GOP senator defends China tariffs: Sacrifice by Americans 'minimal' compared to soldiers

Sen. Tom CottonThomas (Tom) Bryant CottonLawmakers introduce bill to block U.S. companies from doing business with Huawei Five things to know about Iran's breaches of the nuclear deal Hillicon Valley: Trump gets pushback after reversing course on Huawei | China installing surveillance apps on visitors' phones | Internet provider Cloudflare suffers outage | Consumer groups look to stop Facebook cryptocurrency MORE (R-Ark.) defended the imposition of tariffs on China as the two countries seek to negotiate a trade deal, saying the sacrifice of Americans impacted by the tariffs is “minimal” compared to those made by soldiers overseas.

Appearing on “CBS This Morning” Monday, Cotton detailed how tariffs will impact his home state of Arkansas and its farmers.

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"There will be some sacrifices on the part of Americans, I grant you that, but I also would say that sacrifice is pretty minimal compared to the sacrifices that our soldiers make overseas, that our fallen heroes who are laid to rest in Arlington make," Cotton said.

CBS host Gayle KingGayle KingCBS's Gayle King asks Pressley whether calling Trump 'occupant' of the Oval Office is respectful The Hill's Morning Report - A raucous debate on race ends with Trump admonishment The Obamas' silence on Joe Biden is deafening  MORE interrupted Cotton, saying, “You can’t compare those two sacrifices.”

Cotton said farmers in Arkansas tell him they are willing to “bear some of those sacrifices” in the short term to ensure long-term prosperity.

The conversation was sparked when CBS host Norah O’Donnell first asked Cotton about the tariffs, citing a University of Arkansas study that found retaliatory tariffs by China, which were announced Monday, could end up hurting farmers in Arkansas.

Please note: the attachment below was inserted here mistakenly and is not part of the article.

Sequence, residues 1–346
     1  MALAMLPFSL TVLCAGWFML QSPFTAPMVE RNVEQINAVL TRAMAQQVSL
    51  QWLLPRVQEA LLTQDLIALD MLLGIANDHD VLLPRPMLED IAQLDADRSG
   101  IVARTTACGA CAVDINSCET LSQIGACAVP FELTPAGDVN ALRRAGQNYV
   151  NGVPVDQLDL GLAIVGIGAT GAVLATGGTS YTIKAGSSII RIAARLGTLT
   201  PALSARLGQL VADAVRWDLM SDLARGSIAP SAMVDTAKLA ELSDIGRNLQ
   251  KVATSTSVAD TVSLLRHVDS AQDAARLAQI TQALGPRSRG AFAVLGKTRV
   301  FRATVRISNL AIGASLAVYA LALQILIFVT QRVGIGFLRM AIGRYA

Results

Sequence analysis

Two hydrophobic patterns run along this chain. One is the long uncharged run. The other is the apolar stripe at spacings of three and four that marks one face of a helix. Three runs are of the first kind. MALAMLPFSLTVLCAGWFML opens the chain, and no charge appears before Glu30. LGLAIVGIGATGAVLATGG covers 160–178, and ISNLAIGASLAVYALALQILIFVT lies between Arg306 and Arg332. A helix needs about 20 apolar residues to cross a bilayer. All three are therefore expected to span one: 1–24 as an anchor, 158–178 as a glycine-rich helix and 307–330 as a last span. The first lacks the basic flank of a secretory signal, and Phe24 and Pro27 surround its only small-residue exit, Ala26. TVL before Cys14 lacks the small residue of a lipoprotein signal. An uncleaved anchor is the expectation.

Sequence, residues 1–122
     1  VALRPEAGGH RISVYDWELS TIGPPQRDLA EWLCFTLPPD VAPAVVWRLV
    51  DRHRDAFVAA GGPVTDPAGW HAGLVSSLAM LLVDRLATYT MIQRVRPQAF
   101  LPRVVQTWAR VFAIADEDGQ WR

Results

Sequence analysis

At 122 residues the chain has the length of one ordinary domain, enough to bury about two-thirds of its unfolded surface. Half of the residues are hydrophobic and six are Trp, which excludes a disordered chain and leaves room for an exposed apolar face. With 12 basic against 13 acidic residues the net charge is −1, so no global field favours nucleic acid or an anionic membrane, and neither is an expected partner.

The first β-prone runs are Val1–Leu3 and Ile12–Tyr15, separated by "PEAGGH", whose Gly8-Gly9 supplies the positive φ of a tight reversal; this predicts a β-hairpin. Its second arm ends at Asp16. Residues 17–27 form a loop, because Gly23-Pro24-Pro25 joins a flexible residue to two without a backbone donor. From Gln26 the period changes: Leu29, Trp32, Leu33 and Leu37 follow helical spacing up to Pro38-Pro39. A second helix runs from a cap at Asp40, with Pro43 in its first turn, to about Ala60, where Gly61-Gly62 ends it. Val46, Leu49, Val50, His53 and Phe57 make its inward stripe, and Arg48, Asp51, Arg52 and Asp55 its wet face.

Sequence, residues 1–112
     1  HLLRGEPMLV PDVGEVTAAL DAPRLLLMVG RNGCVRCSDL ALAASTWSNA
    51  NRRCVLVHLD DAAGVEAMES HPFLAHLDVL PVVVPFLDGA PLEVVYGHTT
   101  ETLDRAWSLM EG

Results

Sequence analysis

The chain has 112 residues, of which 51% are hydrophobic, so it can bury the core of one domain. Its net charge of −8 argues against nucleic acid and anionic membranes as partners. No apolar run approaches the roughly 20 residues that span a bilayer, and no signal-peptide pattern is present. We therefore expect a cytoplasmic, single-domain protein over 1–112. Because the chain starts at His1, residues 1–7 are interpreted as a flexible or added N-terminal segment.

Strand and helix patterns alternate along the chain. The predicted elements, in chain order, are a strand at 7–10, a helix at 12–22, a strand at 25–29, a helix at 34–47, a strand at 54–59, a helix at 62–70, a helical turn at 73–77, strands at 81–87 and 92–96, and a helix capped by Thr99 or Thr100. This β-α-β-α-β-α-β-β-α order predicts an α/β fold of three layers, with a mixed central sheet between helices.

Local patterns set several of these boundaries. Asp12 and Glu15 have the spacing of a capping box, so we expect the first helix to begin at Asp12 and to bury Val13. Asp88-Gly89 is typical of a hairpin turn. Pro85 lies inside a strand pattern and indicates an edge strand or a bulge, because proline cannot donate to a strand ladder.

“These tariffs are going to end up hurting both Chinese and some Americans, I’ll grant you that,” Cotton replied. “I think they will ultimately hurt the Chinese more than they will Americans in part because Chinese companies and their government have been cheating the United States for so long.”

Cotton echoed the sentiments of President TrumpDonald John TrumpUS-Saudi Arabia policy needs a dose of 'realpolitik' Trump talks to Swedish leader about rapper A$AP Rocky, offers to vouch for his bail Matt Gaetz ahead of Mueller hearing: 'We are going to reelect the president' MORE, adding that China will “ultimately be paying a price” for the tariffs.

Trump asserted Monday morning in a series of tweets that China will bear the brunt of the new tariffs, though his top economic adviser, Larry KudlowLawrence (Larry) Alan KudlowMORE, acknowledged that both the U.S. and China will be impacted by the ongoing tariff fight.

China on Monday announced an increase in tariffs on $60 billion of U.S. goods in response to the U.S. tariffs on $200 billion of Chinese goods that went into effect Friday.